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Is Your Technology Ready for an Audit?

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When it’s time to face a regulatory audit, you can expect it will involve a lot of work: reviewing your firm’s adherence to regulatory rules, producing any number of documents and reports, evaluating the procedures and processes followed, and ultimately identifying potential risk areas. Considering all the work involved once the audit begins, it is worth taking all the measures possible to prepare for it. The most critical step of all is to make sure that your technology is also up to the task of a regulatory audit. There are a number of areas to review that will help you be better prepared.

Technology is probably the backbone of most of your firm’s processes and procedures. A challenge for a number of firms is keeping documented processes and procedures up to date as technology evolves. For example, do your asset movement procedures use the latest best practices and technology to minimize risk? This would include how your firm utilizes its internal systems and those offered by your custodian to ensure each transaction is verified and properly approved.

Remember that depending on the experience of the auditor, they may be aware of what is “standard” in the industry based on audits of other firms. If you’re not fully leveraging your technology to minimize various risks, you don’t want to be informed of this by the auditor.

Another area to review is the criteria and evaluation process that your firm followed in selecting your technology providers and solutions. Many of your firm’s technology solutions fulfill critical areas of your business. Whether it is your reporting system, trading, CRM or imaging, it is important to be able to demonstrate the level of detail and care that went into your selection of each provider. Firms that have used the same solutions for years might have limited information in this area. If that is the case for your firm, consider briefly documenting your current experience with your existing providers. Specific areas to highlight include reliability, security, service levels and the scalability of the solution.

It is also important to stay up to date with your technology reviews and evaluation. As an example, consider sending an annual letter to the providers that store or access your confidential client data confirming that they have not had any data breaches or security issues. Of course, these providers should tell your firm at the time of any data or security breach, so their response should not be new information, but documenting your review is the important step.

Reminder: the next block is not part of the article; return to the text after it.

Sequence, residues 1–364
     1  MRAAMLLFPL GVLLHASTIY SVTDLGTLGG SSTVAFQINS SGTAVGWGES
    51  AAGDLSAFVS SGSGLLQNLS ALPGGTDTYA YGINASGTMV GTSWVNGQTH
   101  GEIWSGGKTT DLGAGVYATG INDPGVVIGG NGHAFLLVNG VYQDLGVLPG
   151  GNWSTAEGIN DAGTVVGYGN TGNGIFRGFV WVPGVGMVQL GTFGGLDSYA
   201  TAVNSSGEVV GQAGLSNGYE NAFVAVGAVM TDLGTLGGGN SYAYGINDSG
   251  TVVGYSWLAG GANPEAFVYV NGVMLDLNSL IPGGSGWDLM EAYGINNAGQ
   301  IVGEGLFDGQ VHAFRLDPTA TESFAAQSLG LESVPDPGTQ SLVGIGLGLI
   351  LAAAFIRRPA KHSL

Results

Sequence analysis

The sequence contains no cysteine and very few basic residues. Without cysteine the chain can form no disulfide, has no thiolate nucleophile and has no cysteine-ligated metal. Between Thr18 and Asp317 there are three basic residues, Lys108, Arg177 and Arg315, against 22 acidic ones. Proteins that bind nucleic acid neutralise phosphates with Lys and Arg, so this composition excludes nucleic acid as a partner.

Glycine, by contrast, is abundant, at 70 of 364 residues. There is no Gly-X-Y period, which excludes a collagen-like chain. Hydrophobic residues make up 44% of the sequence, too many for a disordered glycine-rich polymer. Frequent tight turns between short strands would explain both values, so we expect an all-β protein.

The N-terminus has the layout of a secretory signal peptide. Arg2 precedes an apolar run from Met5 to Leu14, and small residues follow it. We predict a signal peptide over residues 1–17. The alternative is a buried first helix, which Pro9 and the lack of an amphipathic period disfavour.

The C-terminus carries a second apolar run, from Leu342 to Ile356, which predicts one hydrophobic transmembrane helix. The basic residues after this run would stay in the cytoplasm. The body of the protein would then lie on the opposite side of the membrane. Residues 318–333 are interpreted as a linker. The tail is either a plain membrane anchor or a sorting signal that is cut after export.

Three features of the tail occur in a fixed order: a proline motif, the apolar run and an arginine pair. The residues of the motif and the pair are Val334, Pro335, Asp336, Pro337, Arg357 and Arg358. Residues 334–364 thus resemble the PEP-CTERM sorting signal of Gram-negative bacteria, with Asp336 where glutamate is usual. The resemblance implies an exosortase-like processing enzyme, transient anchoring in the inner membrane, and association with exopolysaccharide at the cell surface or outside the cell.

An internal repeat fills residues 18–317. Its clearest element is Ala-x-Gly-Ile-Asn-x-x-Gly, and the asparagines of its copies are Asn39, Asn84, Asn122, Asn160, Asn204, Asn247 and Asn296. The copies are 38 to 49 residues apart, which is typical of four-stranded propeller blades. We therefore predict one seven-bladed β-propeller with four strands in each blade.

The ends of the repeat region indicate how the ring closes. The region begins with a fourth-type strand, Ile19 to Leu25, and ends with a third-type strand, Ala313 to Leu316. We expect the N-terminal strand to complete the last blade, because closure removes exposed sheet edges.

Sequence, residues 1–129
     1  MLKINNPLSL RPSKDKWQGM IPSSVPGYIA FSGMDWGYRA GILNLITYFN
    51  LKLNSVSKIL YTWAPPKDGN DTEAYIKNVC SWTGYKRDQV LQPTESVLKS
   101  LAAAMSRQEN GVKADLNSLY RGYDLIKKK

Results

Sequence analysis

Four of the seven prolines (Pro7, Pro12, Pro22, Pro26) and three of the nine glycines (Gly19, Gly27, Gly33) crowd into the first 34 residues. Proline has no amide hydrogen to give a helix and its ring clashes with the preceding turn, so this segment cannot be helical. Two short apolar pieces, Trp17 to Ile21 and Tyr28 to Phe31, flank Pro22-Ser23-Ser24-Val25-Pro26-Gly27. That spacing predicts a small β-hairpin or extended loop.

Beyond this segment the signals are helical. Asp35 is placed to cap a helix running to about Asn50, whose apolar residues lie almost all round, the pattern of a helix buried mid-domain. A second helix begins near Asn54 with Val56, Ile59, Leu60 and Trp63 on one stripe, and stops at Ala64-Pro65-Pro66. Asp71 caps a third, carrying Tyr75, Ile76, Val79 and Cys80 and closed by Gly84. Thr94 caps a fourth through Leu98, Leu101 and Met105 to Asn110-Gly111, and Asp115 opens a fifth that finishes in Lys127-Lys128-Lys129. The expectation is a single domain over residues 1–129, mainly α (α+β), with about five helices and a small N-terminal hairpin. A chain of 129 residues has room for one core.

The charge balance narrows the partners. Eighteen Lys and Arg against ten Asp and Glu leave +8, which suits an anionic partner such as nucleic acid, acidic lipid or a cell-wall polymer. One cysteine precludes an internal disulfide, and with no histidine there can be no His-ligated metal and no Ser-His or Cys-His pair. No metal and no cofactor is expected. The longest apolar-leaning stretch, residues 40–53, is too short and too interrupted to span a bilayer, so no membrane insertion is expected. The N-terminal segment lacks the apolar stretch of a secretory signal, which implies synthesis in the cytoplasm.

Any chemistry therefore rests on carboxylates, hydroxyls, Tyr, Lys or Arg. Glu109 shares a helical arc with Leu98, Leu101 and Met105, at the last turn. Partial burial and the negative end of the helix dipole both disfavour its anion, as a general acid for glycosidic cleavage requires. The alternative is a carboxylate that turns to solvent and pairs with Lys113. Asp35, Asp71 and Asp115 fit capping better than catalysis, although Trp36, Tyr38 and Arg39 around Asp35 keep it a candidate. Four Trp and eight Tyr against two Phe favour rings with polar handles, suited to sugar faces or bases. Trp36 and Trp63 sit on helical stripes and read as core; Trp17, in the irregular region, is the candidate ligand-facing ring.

With new state rules on business continuity going into effect soon, you should prepare to have processes and procedures in place to ensure that critical business functions can continue during and after a disaster or other significant business interruption. When was the last time your firm conducted a business resumption drill? Hopefully, you are doing them at least once per year. After conducting a drill, do you document the results of the exercise? For example, if you removed your primary Internet connection and successfully re-established connectivity using your back-up Internet service, you should keep a record of when you did it and any issues that arose. Then, while using your back-up connection, you should conduct several business processes (e.g., trading, money movement, opening an account). Keep in mind, it doesn’t take a significant amount of documentation to demonstrate that your firm conducted an adequate business resumption drill.

Your firm’s technology infrastructure and data security is often on the evaluation list during an audit. Many firms rely on their current IT provider to ensure they are compliant in this area. This makes sense, but as your firm grows, you might consider hiring another IT provider to audit your network. Essentially, you are getting a second opinion that everything is in good order and there are not any holes in your network.

Review Today Your Employees’ Access Credentials

Who at your firm has access to your systems and technology products? Hopefully it is not one size fits all, where every employee has the same level of access. Some employees might need administrator access on their computer, but others may not. Some employees might need the ability to place trades, while others may require only access to view account information. Often an unnecessary risk at a firm is when an employee has access credentials that are way beyond their needs or capabilities. Take the time to create specific access credentials for each employee or group area, and then document the information.